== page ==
Social media and body image: It's complicated
Permanent link to Research Commons versionhttps://hdl.handle.net/10289/15319
Body image is an important dimension of life, and in a media-saturated world, we are supposedly surrounded by images of 'idealised' physical body types that are harmful to people's body image. Many theories have been put forward to account for the growing idealisation of 'thin' and 'toned' women and 'lean' and 'muscular' men. Historically, psychological body image research has reliably linked exposure to 'ideal' bodies in mainstream 'traditional' media (along with moderating processes of internalisation, self-comparison, and objectification) and experiences of body image dissatisfaction; for increasingly diverse populations of women and men across the lifespan. In recent years, researchers have turned their attention to social media's impact on body image. Some quantitative and correlational studies suggest that social media use is associated with body image dissatisfaction and, in some instances, further intensifies its scope and scale. Findings also contend that social media can promote body image satisfaction by enabling the distribution and consumption of alternative, 'realistic' body types and body positive content. This thesis suggests inconsistent, and binary findings come from the limited and partial ways research often conceptualise and analyse the relationship between social media and body image. Studies are typically based on singular aspects of social media (i.e. exposure to particular pages or technological affordances) and often overemphasise body image as a static, cross-situational trait, ignoring its complex and situational-specific nature. The current study counters this by bringing together the critical psychological view that body image is complex, multidimensional, and fluid and contemporary Screen and Media scholarship that emphasises how people can simultaneously be users of and used by social media. I combine these two perspectives to critically explore how people experience their body image through social media in ambivalent ways and how social media can enable and challenge the process of developing positive body image experiences. Specifically, I take a Critical Realist informed, qualitative approach to exploring how the social and technological affordances of social media ('Facebook' and 'Instagram') shape attitudinal body image (thoughts, feelings and behaviours relating to research respondents' physical appearance and embodiment) of adult, New Zealand and Australian women and men who are actively using social media to improve their body image. The research findings draw from an online survey of 552 respondents and 30 semi-structured interviews that highlight the simultaneous risks, rewards, and ever-present tensions - which, I argue, are inherently characteristic of the reflexive relationship between particularly situated individuals, social media, and body image.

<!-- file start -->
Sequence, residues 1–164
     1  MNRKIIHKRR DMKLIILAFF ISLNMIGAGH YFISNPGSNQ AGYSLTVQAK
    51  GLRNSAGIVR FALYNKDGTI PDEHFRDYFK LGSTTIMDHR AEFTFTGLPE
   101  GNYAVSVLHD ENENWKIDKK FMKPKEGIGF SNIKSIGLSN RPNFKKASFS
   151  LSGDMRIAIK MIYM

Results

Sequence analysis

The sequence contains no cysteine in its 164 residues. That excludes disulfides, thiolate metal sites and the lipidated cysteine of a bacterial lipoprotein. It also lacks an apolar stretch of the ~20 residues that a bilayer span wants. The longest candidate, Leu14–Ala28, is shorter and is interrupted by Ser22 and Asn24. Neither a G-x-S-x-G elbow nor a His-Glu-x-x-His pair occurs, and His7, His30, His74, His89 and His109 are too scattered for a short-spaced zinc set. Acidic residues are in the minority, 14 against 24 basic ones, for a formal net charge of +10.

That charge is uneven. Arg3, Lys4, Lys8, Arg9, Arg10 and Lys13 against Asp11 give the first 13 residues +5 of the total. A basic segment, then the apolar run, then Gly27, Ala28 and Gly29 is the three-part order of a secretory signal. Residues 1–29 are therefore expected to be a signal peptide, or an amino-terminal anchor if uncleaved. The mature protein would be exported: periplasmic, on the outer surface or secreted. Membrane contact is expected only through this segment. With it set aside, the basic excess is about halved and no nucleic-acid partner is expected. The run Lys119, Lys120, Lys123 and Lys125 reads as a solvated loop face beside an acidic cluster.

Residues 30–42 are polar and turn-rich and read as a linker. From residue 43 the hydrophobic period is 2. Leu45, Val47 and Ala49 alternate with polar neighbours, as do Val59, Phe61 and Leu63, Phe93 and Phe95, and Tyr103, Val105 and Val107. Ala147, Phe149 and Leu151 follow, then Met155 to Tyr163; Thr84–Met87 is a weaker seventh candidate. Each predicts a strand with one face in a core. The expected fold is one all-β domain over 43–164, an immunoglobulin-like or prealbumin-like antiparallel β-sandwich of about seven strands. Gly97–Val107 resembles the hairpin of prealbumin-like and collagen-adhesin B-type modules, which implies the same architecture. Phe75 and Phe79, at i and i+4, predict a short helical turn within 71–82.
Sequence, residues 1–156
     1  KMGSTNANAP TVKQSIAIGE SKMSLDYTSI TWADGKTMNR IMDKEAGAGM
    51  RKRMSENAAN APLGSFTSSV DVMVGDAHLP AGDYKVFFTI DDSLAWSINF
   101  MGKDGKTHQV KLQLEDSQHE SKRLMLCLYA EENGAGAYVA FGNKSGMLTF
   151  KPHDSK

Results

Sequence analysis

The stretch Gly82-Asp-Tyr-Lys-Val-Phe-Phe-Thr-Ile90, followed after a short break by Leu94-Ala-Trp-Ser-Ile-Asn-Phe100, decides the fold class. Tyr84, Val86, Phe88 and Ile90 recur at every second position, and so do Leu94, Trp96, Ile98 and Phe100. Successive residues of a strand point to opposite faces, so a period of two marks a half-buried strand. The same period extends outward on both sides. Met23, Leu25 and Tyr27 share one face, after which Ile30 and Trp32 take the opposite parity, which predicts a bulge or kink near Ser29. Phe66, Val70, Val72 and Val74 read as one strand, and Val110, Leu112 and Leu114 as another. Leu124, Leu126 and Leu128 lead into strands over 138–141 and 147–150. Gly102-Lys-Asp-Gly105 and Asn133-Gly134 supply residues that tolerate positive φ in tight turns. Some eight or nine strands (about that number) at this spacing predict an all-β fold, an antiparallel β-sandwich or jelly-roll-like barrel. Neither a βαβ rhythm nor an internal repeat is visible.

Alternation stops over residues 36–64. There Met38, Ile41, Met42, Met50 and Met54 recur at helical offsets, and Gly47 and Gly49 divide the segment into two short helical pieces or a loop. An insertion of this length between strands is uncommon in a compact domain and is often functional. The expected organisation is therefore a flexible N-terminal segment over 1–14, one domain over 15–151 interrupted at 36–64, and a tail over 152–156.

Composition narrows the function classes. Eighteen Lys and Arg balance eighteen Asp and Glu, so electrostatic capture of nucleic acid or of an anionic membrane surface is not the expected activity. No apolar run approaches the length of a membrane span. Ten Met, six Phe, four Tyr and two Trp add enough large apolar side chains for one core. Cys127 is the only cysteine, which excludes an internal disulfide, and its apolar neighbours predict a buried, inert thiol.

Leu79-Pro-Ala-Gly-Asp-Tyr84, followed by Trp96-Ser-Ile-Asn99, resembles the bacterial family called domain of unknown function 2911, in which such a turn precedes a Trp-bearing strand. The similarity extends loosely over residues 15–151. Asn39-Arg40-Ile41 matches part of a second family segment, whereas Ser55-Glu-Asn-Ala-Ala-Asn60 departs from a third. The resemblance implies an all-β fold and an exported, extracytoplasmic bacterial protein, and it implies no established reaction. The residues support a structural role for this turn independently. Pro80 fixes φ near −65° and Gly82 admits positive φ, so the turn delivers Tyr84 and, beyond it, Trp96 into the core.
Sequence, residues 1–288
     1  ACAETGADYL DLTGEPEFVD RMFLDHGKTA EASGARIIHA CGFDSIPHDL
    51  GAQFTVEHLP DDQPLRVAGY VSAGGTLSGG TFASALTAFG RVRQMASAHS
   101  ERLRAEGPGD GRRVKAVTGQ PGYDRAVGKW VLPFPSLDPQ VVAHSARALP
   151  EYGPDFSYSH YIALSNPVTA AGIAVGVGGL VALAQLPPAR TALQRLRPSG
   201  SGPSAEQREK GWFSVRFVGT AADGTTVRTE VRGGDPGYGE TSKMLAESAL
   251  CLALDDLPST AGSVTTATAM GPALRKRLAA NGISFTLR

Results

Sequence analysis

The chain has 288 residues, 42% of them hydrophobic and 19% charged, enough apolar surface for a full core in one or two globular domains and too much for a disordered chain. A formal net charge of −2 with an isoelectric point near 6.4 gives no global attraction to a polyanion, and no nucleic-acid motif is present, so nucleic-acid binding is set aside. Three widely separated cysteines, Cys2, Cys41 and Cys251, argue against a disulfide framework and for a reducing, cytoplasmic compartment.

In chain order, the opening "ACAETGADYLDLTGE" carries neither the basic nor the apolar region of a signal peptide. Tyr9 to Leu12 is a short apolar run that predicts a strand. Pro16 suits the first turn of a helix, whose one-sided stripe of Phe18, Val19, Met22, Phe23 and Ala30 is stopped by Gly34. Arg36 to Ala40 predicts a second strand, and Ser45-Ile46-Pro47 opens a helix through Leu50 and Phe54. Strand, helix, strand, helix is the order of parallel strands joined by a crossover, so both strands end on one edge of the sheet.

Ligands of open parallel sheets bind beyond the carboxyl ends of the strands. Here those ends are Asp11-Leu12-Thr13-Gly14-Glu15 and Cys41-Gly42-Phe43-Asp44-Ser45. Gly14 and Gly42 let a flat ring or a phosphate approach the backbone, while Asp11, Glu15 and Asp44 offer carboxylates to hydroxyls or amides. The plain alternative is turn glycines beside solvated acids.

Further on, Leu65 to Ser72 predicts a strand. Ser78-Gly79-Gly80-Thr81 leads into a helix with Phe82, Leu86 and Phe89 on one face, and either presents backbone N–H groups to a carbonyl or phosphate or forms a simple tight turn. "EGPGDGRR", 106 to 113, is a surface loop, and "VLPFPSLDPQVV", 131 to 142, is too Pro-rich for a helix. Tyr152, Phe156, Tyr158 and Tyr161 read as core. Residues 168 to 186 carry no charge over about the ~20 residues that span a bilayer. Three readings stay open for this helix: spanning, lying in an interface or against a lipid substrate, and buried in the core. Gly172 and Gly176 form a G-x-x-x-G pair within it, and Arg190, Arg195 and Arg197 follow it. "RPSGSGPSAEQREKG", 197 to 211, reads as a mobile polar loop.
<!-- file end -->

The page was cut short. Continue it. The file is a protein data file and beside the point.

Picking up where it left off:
The University of Waikato
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